Apr 17, 2009Wisconsin Farm Market Weathers Ups and Downs
2006 and 2007 were a tough couple of years for Wisconsin Territories Farm Market, but owner Kate Zdroik is ready to bounce back and is optimistic about the upcoming season.
Her husband and co-owner, Mark Zdroik, lost his fight with a brain tumor three years ago, which forced her to pull back on a lot of their ventures and focus on the core of the business: the market.
But the market, two miles east of Rosholt in the center of Wisconsin, was fighting its own battle against road construction. Located on a state highway, Wisconsin Territories relies on passersby for most of its business, but the highway was virtually closed from 2006 until 2007, forcing drivers to detour. The market gained customers back last summer, but high gas prices prevented traffic from returning to normal, Kate said. She’s expecting better things this summer.
The Wisconsin Territories Web site gives a brief history of the market. Maynard and Mary Jane Zdroik, who had experience growing potatoes and strawberries, started a roadside stand near their home in 1993. After a few years, their son and daughter-in-law, Mark and Kate, took over management of the stand. Mark and Kate decided to build a new market about half a mile from the stand. The market was finished in 2000.
The market was named Wisconsin Territories because Wisconsin was a territory before it became a state, and they wanted to emphasize that everything they sell is grown or made there, Kate said.
Besides the farm market, they dabbled in agritourism, hosting school trips, selling at farmers’ markets, selling wholesale and selling through the mail. After Mark died, however, Kate was forced to drop or downgrade those activities and make the market the focus of her attention.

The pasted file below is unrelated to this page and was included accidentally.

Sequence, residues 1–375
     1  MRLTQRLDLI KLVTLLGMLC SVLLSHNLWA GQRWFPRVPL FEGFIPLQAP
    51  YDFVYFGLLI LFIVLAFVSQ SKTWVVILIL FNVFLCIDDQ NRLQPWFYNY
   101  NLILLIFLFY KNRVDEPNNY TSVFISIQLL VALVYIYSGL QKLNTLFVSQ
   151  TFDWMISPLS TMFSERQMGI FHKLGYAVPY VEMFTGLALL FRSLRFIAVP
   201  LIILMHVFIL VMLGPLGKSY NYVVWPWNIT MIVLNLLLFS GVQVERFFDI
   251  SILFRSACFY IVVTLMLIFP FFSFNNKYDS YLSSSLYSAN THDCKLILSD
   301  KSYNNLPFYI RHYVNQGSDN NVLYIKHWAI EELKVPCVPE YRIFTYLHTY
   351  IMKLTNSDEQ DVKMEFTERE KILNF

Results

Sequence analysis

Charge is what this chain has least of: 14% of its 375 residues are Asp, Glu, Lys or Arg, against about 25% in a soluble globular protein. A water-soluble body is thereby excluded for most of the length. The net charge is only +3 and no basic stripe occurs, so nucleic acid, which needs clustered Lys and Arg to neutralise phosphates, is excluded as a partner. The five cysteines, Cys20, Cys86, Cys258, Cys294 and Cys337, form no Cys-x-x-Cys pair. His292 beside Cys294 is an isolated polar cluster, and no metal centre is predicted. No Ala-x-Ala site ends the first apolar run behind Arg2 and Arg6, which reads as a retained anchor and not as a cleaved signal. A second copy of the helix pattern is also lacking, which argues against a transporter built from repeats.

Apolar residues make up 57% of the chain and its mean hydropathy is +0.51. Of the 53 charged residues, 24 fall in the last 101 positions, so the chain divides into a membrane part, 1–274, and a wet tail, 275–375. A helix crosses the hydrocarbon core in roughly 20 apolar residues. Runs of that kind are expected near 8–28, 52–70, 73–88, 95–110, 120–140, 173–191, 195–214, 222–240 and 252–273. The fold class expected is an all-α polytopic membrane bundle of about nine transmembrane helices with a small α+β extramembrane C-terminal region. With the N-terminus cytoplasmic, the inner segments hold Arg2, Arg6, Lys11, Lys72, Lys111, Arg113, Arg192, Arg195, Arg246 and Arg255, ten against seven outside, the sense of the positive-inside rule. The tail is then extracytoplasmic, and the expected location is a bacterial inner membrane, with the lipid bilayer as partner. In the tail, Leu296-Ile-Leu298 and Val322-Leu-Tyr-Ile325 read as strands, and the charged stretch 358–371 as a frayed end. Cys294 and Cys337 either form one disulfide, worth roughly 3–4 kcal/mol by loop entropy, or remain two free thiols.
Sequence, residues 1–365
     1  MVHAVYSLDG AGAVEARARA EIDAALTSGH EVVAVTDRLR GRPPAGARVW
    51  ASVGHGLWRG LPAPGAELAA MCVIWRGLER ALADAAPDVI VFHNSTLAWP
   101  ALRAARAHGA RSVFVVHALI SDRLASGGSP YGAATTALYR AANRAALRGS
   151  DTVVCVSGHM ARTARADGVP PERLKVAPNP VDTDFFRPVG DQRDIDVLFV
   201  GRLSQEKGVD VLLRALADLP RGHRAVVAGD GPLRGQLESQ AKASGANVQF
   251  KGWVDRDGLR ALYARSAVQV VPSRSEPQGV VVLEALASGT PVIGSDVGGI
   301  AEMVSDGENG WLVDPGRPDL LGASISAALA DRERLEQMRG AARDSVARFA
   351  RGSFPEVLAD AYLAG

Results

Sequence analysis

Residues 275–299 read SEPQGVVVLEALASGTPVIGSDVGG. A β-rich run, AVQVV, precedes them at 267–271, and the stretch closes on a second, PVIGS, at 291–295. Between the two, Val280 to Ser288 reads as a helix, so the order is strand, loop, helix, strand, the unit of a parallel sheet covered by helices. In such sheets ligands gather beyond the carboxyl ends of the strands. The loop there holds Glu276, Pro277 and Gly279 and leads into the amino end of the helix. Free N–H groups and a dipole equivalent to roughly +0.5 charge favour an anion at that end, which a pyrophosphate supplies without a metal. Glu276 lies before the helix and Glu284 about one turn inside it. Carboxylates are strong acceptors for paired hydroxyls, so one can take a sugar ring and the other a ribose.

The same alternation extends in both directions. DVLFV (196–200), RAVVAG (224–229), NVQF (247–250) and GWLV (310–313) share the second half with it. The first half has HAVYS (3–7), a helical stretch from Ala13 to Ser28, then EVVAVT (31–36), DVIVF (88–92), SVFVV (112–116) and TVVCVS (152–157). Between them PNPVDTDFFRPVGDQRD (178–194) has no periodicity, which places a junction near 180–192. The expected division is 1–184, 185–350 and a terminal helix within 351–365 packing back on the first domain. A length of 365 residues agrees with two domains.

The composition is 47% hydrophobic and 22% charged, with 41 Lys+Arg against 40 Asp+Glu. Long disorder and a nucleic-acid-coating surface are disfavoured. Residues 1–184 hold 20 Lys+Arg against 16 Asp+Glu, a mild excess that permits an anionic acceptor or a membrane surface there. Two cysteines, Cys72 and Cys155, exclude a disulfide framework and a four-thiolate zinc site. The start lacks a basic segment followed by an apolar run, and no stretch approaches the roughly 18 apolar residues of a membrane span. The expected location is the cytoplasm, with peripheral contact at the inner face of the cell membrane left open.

Kate, now 43, manages the farm, market and greenhouses with help from three part-time employees. Members of Mark’s family live in the area as well and help from time to time, she said.
The market is open from May 1 to Oct. 31. The season starts with greenhouse sales. Three 30-foot by 72-foot greenhouses supply the market with bedding plants, herbs and vegetable plants every spring and early summer, Kate said.
According to the Web site, the market also sells asparagus, sweet corn, potatoes, strawberries, raspberries, cranberries, apples, pumpkins, squash, gourds, peas, beans, onions, melons, cucumbers and peppers. Kate grows her crops on rented farmland that isn’t located near the market. Some of the crops, like the apples and strawberries, she gets from other local growers, she said.
The market sells all kinds of local products – honey and maple syrup, for example – but ice cream is probably the most popular item. Wisconsin Territories is the only business outside greater Madison that sells ice cream from the Babcock Hall Dairy Store, located in the University of Wisconsin, Madison’s dairy science building. Once or twice a month during the season, Kate will load a vehicle with coolers, drive two hours to Madison and stock up on Babcock ice cream. It’s worth the effort, since customers will come far and wide to get it, she said.
It’s tough running a farm and market by herself, especially during summer, but a leisurely winter is a nice tradeoff. She spends much of her time doing volunteer work in her community, she said.